Planning to take your pet camping with you this summer?
Then you are in good company.
More and more campers and RVers are traveling with their pets and finding it makes camping even more enjoyable. Camping and pets are, in most cases, a good mix.
According the Recreation Vehicle Industry Association (RVIA), more than 50 percent of RV travelers bring pets on their travels. Among these pet owners, 78 percent bring dogs, 15 percent travel with cats, and the remaining pet owners travel with birds or other small pets.
And in the travel industry at large, more and more families are traveling with their pets and experts say pet travel is fast becoming a multi-billion dollar industry due to the popular trend.
Pet Relocation reports that 60 percent of families traveled with their pet in 2010 and that number continues to grow.
Traveling with your pet can be rewarding for you and your family’s pet but the key to a successful camping trip or any mode of vacation travel is advanced planning and preparation, common sense, and sometimes a dose of creativity. Only friendly, non-aggressive dogs should be brought to campgrounds.
The most important thing to remember before making plans, is to make sure your pet is healthy enough to travel. A pre-vacation check-up with your veterinarian is just what the doctor ordered to make sure Fido or Fluffy is up to snuff and ready to hit the road. Make sure your pet is up to date on all shots and bring copies of vaccination records with you, as you never know when you might need them.
When packing for pets, it’s important to remember food and water dishes, an extra collar and leash, licenses, medicines or supplements, brushes, tie outs, shampoo, and something familiar from home like a toy or blanket. If a dog is comfortable sleeping in a crate at home, that should be brought along too. Consider giving your pets bottled water for continued consistency.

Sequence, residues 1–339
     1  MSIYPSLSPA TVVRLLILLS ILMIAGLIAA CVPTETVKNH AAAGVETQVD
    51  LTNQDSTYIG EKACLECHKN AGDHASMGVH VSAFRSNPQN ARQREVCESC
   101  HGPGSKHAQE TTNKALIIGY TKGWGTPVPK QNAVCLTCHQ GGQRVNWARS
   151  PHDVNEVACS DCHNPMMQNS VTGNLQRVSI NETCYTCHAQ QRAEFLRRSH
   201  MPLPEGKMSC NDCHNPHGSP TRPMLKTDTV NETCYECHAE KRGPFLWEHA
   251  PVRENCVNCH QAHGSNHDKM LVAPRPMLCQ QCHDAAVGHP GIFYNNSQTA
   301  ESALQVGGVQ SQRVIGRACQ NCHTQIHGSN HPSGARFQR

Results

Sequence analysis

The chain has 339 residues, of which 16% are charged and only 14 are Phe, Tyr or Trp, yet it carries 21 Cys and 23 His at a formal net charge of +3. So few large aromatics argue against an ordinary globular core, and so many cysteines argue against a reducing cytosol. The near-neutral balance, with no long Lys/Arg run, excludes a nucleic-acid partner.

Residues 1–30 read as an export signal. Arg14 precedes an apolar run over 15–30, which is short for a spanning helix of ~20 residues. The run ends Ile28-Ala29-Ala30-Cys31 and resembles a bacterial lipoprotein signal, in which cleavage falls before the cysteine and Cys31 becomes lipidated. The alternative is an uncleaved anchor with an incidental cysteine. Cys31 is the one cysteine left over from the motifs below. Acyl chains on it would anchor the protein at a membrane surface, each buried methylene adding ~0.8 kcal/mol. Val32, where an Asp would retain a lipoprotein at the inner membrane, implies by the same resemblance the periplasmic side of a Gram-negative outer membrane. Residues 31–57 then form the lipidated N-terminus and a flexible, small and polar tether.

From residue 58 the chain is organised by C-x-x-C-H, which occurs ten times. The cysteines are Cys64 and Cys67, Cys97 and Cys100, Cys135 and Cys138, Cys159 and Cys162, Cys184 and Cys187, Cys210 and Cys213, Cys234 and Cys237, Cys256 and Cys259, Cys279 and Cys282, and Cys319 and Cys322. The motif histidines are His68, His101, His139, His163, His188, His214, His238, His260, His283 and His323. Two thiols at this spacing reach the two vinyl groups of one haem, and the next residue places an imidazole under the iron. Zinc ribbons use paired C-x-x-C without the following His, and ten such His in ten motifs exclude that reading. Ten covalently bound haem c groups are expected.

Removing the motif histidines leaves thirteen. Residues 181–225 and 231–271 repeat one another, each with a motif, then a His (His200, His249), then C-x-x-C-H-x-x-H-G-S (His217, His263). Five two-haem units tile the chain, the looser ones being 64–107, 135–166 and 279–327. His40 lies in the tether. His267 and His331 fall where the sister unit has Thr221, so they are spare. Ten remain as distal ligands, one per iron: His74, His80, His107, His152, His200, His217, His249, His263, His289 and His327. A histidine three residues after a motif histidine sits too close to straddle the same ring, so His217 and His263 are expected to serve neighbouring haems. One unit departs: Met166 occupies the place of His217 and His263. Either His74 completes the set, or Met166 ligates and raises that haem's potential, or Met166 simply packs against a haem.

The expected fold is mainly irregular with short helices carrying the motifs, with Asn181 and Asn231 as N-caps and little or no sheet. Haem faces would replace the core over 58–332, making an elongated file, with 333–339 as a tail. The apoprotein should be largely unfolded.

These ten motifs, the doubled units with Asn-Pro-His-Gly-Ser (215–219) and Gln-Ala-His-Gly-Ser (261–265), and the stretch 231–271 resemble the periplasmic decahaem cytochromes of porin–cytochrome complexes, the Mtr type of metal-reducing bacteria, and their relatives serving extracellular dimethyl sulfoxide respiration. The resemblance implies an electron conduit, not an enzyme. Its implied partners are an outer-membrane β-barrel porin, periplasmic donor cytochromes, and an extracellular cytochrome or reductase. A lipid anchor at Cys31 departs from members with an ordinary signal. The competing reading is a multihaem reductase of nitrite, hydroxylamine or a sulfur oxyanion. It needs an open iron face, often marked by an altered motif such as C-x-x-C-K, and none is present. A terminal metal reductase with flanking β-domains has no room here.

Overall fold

Ensure your pet is properly identified. Also, obtain identification with the address of your destination.
Carry a photo of your pet. You’ll be glad you did if you find yourself in the unfortunate position of making, photocopying, and posting “lost pet” notices.
Bring along your pet’s bed and favorite toys so it will feel comfortable and at home on the road. If traveling with a feline friend, think through the cat-box arrangement. Having extra litter, a covered litter box, plastic bags for disposal, scoop, and baking soda to cover the bottom of the box will keep mess and odor to a minimum.
Your dog feels as cramped as you do after hours of traveling. It’s important that you walk your canine pet when you take rest stops. If your pet is a cat, walks aren’t an issue, but plenty of stretching room is.
To make camping with your pet an exciting experience for the both of you, be sure to research the campsite ahead of time, take note of any restrictions or regulations, and bring the essentials along with you.
When registering at a campground or RV park check the location of the nearest veterinary doctor or clinic and how to get there.
After settling into a camp or RV site with pets, it is important to be a responsible camper and pet owner. This includes cleaning up after pets, keeping them leashed, and making sure they stay out of prohibited areas.
The most important thing to remember is they are your pets and you must make some changes to your RVing lifestyle to ensure their comfort.
They may have an accident in the RV and you need to accept that. They may require medical attention that could extend a stay when you are traveling. You need be flexible in your plans to accommodate for pets when you make the decision to bring them along on your travels and camping trips.
If you plan ahead and are prepared, camping can be a rewarding, memorable experience for both owners and pets.
A dog reflects the family life. Whoever saw a frisky dog in a gloomy family, or a sad dog in a happy one? Snarling people have snarling dogs, dangerous people have dangerous ones.
―Arthur Conan Doyle, The Case-Book of Sherlock Holmes